Economy, Business And Markets

Americans Hunt for Business in Iran

Americans Hunt for Business in IranAmericans Hunt for Business in Iran

American businessmen are scouring Iran for businesses to buy and deals to scoop in anticipation of the lifting of economic sanctions against Iran and its opening to foreign business. They are visiting factories, networking in forums and looking for deals.

About 20 foreigners came to Tehran for a tour last month organized by Turquoise Partners, an Iranian investment firm which asked that the visitors’ names not be published for fear that competitors might swipe clients and because international sanctions remain in place, Bloomberg wrote.

The visit is one element in a rapidly shifting business landscape in Iran as investors prepare for a lifting of the sanctions if a nuclear deal is signed in coming months between Iran and world powers.

The group showed the outsiders the best-performing sectors in Iran: cement, which benefits from low energy costs; mobile telecommunications in a country of 80 million people with mobile phone penetration of 105 percent; and food and beverages, in which one firm, Behshahr Industrial Development Corp., quadrupled its profits over the past two years.

 Sizable Market

The visitors, including four Americans based outside the US, were exploring, not signing, deals so no sanctions rules were violated. And while impressed, several expressed concerns about getting money out of Iran, the skills of the local workforce and the limited banking facilities for foreigners.

The market is sizable. Stock market capitalization in Iran stands at $96.6 billion. Banking assets are $482 billion, exceeding Sharia-compliant assets in Saudi Arabia, Malaysia and the United Arab Emirates combined.

Across Tehran’s commercial districts, companies are working to win back lost international clients and restart projects abandoned when sanctions kicked in. Iranians abroad are setting themselves up as sherpas and holding conferences to match investors with domestic entrepreneurs.

In Geneva, preparations are under way for the second Europe-Iran Forum organized by Esfandyar Batmanghelidj, an American-Iranian, and his father after the event attracted companies such as Airbus, Cisco, Total and Citigroup last year.

“It’s about being in the middle of DC, London, Tehran and Dubai and having the ability to act as a platform,” Batmanghelidj, who visited Iran for the first time in 2013, said in a phone interview from the Alps.


In Berlin this week, a meeting dubbed iBridges brought together 400 Iranian tech and e-commerce companies with investors from 45 countries, Salamander Davoudi, the conference’s spokeswoman, said by e-mail.

In Tehran, a few blocks away from Turquoise’s offices, Novin Investment Bank, with €600 million of assets under management, is in talks with a number of German banks to start a modest mutual fund of €25 million.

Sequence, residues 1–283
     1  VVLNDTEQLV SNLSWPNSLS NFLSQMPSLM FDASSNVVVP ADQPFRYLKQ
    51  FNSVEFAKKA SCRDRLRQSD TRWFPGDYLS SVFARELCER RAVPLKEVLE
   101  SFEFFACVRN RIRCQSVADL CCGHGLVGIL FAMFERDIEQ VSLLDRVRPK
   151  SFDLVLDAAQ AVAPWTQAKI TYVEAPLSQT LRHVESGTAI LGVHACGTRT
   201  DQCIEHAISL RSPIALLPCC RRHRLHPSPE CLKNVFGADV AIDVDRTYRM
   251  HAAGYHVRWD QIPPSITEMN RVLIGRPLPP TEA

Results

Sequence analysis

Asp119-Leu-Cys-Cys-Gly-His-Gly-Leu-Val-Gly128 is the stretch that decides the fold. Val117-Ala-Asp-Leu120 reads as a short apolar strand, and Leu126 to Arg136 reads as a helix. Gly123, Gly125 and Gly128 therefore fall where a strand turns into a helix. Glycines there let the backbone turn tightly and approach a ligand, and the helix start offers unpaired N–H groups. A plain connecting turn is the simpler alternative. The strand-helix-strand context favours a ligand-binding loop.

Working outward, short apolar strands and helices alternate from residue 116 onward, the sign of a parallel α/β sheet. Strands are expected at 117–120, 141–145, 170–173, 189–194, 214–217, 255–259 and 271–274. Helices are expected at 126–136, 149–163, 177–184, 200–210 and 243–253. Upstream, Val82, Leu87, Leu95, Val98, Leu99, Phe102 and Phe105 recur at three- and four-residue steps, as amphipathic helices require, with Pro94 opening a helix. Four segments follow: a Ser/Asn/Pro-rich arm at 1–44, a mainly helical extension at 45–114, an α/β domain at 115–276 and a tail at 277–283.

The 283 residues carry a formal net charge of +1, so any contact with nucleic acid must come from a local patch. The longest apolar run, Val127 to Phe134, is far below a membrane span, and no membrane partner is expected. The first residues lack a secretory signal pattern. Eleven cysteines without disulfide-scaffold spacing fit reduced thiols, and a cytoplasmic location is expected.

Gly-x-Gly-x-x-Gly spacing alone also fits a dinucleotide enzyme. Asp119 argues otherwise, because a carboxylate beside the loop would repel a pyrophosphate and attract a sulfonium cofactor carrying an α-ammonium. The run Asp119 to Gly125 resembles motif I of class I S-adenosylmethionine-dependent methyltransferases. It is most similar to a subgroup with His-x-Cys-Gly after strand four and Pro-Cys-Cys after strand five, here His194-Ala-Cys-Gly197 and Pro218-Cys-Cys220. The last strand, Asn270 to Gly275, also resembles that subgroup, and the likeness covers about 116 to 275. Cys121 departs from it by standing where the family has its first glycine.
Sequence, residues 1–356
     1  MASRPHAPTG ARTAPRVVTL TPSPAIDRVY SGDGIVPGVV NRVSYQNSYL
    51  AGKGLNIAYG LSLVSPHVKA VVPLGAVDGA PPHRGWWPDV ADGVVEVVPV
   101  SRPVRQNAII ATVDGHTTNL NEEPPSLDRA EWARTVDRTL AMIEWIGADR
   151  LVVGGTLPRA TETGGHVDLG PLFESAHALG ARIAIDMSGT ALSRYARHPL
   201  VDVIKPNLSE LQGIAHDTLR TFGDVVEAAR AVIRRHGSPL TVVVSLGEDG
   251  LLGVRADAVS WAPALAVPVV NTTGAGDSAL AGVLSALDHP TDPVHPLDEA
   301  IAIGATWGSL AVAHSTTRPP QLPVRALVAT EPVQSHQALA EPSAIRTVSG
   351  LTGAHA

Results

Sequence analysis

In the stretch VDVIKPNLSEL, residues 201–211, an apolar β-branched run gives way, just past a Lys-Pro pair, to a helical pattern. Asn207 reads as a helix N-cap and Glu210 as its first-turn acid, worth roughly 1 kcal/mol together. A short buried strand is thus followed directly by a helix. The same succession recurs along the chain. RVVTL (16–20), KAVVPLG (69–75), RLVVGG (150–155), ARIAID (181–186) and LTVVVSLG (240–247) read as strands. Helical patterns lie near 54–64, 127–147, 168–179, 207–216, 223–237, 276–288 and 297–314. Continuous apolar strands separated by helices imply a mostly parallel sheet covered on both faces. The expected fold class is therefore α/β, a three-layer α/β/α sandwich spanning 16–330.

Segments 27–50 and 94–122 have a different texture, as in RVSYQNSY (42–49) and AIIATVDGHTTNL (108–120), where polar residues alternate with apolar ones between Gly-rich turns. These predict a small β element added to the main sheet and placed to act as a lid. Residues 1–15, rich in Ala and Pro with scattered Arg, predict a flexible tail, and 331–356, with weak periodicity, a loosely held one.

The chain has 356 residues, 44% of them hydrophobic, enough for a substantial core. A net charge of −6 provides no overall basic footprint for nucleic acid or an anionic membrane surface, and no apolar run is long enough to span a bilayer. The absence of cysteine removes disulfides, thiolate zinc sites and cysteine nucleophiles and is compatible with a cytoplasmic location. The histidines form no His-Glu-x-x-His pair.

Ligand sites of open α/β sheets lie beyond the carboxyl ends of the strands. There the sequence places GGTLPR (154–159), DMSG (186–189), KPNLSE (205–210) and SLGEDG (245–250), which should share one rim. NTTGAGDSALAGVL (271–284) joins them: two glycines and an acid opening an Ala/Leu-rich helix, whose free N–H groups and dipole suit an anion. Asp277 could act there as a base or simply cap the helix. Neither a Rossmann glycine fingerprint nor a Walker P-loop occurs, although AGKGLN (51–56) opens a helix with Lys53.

“In the next three to four months we will get somewhere with that fund,” Masoud Gholampour, an analyst at Novin, said. “The talks have been very positive.”

Gholampour said that the prospect of a nuclear deal spurred Novin to plan a 200- to 300-million-euro bond issue. He expects the mechanics to be finalized in the next two months provided they secure an international ratings agency and a European bank to help underwrite the bond and act as a clearing house.


In 2012, Iran’s economy had contracted by 6.8 percent. The following year, inflation hit a record high of 40 percent. The Iranian rial lost more than two-thirds of its value during the period, and Iran’s income from its biggest export – crude oil – was slashed by 50 percent after energy sales to the European Union were halted.

Modest signs of a recovery have started to appear. Officials say inflation is down to 15 percent, and the economy may grow as much as three percent this year. The central bank expects the lifting of sanctions to allow the transfer home of $100 billion of Iranian funds frozen in overseas accounts, the official Islamic Republic News Agency reported May 31.

 Stock Exchange

At the modest, somewhat dowdy Tehran Stock Exchange, the visitors were shown the trading floor, where brokers – most of them young men and women – execute trades by phone and online, from behind rows of felt-lined cubicles.

Iranian retail investors, many of them pensioners keeping an eye on their retirement funds, gazed down on the sharp-suited outsiders from a viewing gallery above as they posed for photos beneath the exchange’s main digital display of the day’s leading stocks.

“This is what it’s all about,” one of the visitors, a London-based woman, said. “This is what an emerging frontier market looks like.”

Iranian equities present a unique long-term potential for growth. Although there are various risks to factor, Iran’s stock markets will become the largest in the Middle East, eating up Dubai Financial Market and the Saudi Stock Exchange, Tadawul. The TSE already hosts nearly double the number of companies listed on the DFM and Tadawul combined. Iran’s financial markets have already got the infrastructure.

The financial industry is growing. There are 142 mutual funds investing in various securities. Recently exchange-traded funds have joined the club. There are now 10 of them listed on Iran’s two exchanges. Investment banking is firming its foothold and other financial services are growing. There are great opportunities for the initiated.